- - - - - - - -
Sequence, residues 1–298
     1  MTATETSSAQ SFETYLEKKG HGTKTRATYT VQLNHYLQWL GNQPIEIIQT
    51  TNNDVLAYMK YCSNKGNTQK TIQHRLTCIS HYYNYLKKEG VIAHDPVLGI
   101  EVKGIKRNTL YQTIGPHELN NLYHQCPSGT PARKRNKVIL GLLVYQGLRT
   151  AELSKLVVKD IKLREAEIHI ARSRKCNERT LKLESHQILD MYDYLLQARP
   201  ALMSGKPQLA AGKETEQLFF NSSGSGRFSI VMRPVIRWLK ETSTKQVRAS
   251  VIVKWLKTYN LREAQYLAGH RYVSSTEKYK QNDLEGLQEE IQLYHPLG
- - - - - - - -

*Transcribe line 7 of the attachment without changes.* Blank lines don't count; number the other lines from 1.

   251  VIVKWLKTYN LREAQYLAGH RYVSSTEKYK QNDLEGLQEE IQLYHPLG